Yesterday was intense, and I expect nothing less today. Here’s what one day in the life of a CfA fellow looks like during month one.
8 a.m. -ish
Still trying to figure out the commute to my new headquarters for the year. Arrived a bit early so had time to invest in setting up some filters to manage the growing inbox. How do I get more email here from <40 people than my previous job where there were >60k people? It’s exciting to be part of such an active bunch!
Our first speaker for the day, Tom Steinberg, video conferenced in from the UK. He’s the architect of two popular apps, Fix My Street and What Do They Know? a Freedom of Information request site. He had a bit of advice for the 2013 fellow cohort.
- Do less…and try and get everyone around you do do less. Don’t boil the ocean.
- Speak out for the end users.
- Be prepared to navigate some big, cumbersome IT systems.
- Be the nicest, most empathetic person in the room.
Tom also requested that we collaborate as much as possible, and resist the urge to build things completely from scratch. Reuse and build products that are sustainable long after the fellowship ends.
Second set of speakers were from Government Digital Services, whose charter is to enable the UK government to “offer world-class digital products that meet people’s needs.”
Mike Bracken (Executive Director), Ben Terrett (Director of Design), and Emer Colman (Deputy Director) all talked about the importance of design in government. One of the more interesting success stories is the set of design principles, primary of which is “Start with needs — user needs, not government needs.” It’s fascinating to hear a government agency say that when a lot “hot” silicon valley startups/companies do not start with user needs.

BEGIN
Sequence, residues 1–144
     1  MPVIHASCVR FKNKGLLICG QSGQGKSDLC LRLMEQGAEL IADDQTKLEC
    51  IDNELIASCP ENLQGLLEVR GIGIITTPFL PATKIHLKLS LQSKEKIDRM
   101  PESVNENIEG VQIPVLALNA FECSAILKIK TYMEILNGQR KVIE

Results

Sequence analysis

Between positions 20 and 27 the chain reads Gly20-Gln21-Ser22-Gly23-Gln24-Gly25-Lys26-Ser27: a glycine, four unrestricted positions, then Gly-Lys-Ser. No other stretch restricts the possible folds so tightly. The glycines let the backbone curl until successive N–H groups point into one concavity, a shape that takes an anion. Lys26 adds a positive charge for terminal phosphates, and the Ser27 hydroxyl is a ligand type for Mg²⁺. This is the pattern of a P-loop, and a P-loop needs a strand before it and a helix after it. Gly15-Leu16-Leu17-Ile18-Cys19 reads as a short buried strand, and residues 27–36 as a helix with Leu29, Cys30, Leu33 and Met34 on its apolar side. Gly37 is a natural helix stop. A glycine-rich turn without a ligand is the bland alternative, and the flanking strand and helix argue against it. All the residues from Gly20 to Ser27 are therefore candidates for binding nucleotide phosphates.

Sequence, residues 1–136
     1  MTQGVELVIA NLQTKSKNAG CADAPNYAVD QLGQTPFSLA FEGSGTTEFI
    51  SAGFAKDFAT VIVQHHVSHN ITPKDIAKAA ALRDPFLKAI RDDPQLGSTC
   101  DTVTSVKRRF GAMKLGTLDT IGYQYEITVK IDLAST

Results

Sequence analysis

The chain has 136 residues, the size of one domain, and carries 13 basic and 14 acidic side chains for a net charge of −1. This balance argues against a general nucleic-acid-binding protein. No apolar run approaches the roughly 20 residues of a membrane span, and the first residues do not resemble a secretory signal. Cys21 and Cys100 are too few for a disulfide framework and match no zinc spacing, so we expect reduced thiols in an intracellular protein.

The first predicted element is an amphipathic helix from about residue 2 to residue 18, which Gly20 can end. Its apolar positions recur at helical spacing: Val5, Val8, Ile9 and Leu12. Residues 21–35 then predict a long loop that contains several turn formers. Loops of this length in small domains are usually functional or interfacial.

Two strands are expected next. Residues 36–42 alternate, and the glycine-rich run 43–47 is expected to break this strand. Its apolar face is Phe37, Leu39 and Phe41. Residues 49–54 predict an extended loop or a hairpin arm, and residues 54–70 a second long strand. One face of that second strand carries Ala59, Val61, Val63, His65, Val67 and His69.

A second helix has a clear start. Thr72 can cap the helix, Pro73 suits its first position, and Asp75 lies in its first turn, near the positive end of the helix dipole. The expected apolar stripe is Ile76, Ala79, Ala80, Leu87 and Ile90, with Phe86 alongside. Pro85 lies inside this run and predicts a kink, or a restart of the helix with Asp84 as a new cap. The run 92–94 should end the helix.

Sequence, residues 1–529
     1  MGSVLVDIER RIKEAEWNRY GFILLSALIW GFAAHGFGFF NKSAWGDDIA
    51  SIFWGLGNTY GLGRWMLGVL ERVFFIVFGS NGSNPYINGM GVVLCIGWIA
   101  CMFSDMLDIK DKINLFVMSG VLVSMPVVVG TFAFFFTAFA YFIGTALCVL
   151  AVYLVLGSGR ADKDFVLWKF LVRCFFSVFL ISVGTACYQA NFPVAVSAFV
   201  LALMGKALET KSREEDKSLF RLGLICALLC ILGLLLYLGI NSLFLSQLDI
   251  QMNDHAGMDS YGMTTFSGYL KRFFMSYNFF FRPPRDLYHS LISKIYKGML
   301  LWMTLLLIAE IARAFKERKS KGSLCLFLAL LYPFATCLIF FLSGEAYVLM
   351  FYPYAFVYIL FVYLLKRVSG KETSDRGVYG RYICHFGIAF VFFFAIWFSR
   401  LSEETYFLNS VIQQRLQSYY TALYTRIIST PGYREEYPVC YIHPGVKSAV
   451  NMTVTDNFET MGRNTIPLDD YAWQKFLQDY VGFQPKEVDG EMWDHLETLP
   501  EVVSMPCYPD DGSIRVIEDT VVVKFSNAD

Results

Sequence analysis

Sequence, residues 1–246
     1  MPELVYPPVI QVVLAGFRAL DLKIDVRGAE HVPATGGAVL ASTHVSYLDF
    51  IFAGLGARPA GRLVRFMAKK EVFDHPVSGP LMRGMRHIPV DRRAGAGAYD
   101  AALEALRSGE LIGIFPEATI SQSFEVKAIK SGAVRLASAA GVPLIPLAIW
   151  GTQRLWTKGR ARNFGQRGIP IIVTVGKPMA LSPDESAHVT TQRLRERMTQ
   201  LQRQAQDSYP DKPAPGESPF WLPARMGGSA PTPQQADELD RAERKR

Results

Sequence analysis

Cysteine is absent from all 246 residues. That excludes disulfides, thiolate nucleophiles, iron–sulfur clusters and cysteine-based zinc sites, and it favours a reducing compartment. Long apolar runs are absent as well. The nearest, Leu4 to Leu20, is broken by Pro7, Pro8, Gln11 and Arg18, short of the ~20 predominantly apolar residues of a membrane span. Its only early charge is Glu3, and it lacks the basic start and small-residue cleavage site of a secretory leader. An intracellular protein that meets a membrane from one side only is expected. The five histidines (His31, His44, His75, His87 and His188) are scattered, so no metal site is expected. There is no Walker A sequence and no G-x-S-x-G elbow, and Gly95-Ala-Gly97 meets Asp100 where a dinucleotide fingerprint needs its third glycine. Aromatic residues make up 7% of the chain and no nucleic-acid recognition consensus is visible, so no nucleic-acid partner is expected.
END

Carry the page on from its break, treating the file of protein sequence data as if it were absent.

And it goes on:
One of the other success is visualizing data to drive design decisions. Their map of transactional data is a great example. It shows volume of intent, and helps focus effort.
12 p.m. -ish
Lunch. Catered sandwiches from ? Cookies were larger than the sandwiches for some reason. Caved. Going to have to make a more concerted effort to hit the gym if the tide of sweets doesn’t ebb.
Karl Fogel then gave the 2013 cohort a sort of “Open Source 101” class. A LOT of information, but one of my favorite take-aways was his suggestion to build out our projects at a “linear participation slope.” In essence, make minimal investments early with minimal payoffs. Grow and build, avoiding large step functions. This also helps to reduce barrier to entry for potential collaborators if not joining at the beginning.
Each city team is responsible for a completing a mini-project for the month of January. Mick Thompson, Code for America’s engineer in residence, set the stage and got us to start brainstorming projects. We will only get 20 person-hours for this project, so I’m curious to see what we can deliver.
Participated in an impromptu Git/GitHub learning session for those of us who have never used (including myself), facilitated by Ezra Spier. For the record, Git training videos have fresh and funky music.
5 p.m. -ish
Catch up time. Will leave soon to grab dinner and go to Xerox PARC to hear Cyd Harrell speak on “Fearless Mobile Research” at the monthly BayCHI symposium. Nothing like a full day of learning!
Questions? Comments? Hit us up @codeforamerica.